The CPU itself follows instructions from the ARM Thumb-1 and Thumb-2 instruction sets; these are a more compact encoding of classic ARM instructions. It has relatively fast integer multiply and divide instructions, but no floating point unit!

The CPU has an exception-handling mechanism; when an exception condition arises, the CPU switches to "handler mode" and uses the exception vector table to determine what address it should execute from in order to handle the type of exception it received. It has a separate stack pointer for running in handler mode.


Most microcontrollers today don't just have a single bus, but a complex hierarchy of different types of buses. But from the CPU's perspective, it appears as a unified address space. Sometimes the details of the bus structure matter, but when starting the simplified view is fine.

The function of the bus is to translate requests from "bus masters" such as the CPU into operations on peripherals that are also connected to the bus. Peripherals are mapped into different regions of the address space, which on a 32-bit addressed bus like the one we are dealing with, is 4GB in size.

Different buses have different protocols for how requests are made and responded to, but generally a master asserts an address and some information about the request, such as whether it is a read request or write request, and whether it is for the full data width of the bus or some subset of it. If the address corresponds to a region mapped to a peripheral, that peripheral is given an enable signal and reads the details of the request from the bus, performs the operation, and signals completion.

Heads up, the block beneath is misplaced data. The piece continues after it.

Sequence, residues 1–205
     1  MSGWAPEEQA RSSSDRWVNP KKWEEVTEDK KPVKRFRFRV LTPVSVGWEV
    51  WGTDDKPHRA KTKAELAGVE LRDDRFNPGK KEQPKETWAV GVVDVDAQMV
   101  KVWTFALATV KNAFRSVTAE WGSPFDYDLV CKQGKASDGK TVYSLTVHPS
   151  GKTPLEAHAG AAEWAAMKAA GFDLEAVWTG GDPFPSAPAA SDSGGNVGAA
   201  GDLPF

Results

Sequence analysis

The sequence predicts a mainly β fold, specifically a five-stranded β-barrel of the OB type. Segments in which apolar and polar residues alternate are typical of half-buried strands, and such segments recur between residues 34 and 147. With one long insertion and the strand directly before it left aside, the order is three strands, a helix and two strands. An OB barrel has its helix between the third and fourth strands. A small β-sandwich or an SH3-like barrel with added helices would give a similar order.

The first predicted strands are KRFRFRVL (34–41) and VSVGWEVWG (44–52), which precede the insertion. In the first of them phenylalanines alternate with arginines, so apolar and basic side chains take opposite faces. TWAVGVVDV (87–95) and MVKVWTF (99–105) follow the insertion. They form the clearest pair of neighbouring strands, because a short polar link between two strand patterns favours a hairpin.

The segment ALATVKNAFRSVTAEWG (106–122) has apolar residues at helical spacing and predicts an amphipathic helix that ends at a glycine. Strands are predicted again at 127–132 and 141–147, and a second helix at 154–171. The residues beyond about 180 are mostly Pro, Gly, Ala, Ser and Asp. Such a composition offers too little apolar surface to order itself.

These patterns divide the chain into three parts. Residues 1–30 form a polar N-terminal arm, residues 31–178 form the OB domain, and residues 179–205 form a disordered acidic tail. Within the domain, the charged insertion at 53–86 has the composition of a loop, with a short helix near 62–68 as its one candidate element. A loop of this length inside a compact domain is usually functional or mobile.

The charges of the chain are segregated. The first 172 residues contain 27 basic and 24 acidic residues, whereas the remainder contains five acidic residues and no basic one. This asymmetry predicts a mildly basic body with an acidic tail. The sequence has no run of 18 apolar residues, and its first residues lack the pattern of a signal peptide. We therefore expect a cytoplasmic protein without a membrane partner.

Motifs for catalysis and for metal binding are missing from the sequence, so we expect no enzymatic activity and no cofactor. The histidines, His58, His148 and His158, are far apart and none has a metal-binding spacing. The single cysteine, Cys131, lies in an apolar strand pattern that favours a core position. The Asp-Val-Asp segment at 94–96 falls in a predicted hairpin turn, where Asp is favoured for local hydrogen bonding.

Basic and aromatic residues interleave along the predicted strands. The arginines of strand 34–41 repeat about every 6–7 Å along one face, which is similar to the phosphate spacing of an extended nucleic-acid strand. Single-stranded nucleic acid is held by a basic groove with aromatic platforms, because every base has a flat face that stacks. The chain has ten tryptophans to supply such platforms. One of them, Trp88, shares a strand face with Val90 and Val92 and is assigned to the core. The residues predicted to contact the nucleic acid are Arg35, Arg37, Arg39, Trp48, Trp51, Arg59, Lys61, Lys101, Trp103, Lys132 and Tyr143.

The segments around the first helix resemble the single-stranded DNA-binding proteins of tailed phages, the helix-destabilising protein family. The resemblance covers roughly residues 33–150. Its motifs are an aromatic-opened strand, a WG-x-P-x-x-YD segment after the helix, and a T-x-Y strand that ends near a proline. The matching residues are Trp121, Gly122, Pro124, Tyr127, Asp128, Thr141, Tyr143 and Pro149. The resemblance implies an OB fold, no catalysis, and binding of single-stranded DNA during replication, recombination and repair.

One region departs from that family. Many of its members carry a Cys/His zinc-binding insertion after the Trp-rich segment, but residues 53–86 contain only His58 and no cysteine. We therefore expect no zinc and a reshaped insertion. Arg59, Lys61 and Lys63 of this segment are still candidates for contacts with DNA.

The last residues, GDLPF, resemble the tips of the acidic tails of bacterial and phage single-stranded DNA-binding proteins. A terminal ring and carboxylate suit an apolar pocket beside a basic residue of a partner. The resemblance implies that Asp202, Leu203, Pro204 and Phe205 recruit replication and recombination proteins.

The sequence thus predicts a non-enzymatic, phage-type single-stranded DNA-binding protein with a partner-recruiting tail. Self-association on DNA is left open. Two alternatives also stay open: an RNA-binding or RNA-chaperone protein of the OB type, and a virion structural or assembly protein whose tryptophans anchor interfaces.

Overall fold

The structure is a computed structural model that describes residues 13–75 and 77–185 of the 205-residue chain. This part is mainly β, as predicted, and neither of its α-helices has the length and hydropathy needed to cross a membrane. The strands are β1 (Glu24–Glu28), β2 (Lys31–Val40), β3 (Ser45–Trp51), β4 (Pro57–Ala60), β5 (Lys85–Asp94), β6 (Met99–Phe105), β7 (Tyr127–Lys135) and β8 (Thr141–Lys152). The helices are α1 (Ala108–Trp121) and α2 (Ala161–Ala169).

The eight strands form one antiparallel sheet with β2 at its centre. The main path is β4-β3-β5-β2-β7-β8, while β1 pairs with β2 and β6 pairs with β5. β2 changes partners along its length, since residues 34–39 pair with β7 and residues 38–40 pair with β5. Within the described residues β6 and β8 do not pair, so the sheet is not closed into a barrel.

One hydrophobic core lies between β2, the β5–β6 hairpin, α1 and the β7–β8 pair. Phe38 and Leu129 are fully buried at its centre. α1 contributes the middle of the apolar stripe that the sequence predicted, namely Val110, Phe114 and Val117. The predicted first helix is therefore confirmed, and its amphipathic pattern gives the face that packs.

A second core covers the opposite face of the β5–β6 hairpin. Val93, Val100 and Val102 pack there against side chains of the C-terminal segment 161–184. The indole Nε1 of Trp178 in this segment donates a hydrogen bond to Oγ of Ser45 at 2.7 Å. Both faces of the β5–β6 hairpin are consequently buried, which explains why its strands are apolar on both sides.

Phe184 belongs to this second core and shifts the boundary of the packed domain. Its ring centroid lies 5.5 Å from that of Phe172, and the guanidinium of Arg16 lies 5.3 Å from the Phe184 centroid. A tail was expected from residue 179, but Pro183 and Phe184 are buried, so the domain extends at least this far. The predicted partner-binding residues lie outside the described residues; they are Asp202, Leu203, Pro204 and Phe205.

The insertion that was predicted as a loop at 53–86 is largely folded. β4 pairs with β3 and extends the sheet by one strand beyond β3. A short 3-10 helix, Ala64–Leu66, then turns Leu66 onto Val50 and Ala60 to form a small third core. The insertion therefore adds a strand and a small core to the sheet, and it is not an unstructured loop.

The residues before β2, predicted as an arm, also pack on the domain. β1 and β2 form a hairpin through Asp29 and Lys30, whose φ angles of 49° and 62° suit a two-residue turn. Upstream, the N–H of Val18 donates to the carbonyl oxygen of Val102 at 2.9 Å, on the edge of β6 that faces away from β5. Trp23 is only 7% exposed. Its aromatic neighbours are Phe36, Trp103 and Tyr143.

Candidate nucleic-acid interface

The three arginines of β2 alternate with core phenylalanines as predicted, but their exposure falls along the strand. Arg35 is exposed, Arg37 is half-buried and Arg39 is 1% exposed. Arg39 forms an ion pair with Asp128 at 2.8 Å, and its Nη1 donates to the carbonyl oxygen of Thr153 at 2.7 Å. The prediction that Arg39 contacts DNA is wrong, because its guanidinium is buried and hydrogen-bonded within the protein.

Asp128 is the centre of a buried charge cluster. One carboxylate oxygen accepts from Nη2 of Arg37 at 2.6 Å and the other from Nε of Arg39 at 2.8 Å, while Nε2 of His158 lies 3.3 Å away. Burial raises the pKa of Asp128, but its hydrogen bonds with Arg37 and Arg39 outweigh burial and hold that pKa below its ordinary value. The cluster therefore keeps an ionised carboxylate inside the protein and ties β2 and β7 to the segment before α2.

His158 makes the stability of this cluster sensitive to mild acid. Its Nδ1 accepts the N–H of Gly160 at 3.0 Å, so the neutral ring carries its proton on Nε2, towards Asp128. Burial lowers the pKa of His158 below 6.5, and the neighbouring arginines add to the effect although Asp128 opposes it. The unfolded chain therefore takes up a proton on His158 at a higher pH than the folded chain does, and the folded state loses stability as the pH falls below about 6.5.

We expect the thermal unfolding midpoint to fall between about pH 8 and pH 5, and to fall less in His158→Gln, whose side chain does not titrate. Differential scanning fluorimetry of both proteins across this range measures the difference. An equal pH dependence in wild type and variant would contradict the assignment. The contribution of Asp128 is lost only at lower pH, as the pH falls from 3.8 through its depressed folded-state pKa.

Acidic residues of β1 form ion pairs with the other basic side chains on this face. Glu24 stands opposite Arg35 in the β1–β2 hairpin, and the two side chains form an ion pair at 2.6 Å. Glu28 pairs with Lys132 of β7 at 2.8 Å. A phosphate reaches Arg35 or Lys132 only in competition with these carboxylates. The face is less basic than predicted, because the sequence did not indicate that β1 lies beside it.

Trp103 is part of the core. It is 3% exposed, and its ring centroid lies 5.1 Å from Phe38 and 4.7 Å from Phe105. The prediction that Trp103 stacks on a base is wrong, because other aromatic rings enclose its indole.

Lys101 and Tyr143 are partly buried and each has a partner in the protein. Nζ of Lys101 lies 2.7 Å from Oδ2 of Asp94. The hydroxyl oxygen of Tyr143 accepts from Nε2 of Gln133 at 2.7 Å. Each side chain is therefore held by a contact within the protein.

Real buses, including the ones on our microcontroller, are far more complex in their protocols, but this description should be good enough to start with.


Memory is just a peripheral on the bus that responds to a write operation by storing the data from the bus at the address (suitably translated into its internal addressing scheme) that was on the bus. A subsequent read operation with the same address asserted on the bus will cause the memory to write the same data back to the bus.

In other words, the range of addresses mapped to RAM act just like you would expect memory to act.


Flash memory is a form of electrically-erasable read-only memory. It is typically used to store your program's instructions and data. The Flash peripheral has two regions mapped into memory; one region acts as read-only memory, and another region presents a set of read/write control registers that you can manipulate to erase, re-program, and adjust the access latency of the peripheral.


Peripherals are pieces of hardware, part of the microcontroller chip, that can be controlled by the CPU (or any bus master on their bus, in fact) by manipulating a set of read/write control regions that are mapped into the bus address space. These can include I/O peripherals, co-processors, or different kinds of memories.

Clock Tree

Just as the CPU needs a clock to function, all of the peripherals need clocks to function as well, and they often need to be running at different clock rates than the CPU or each other.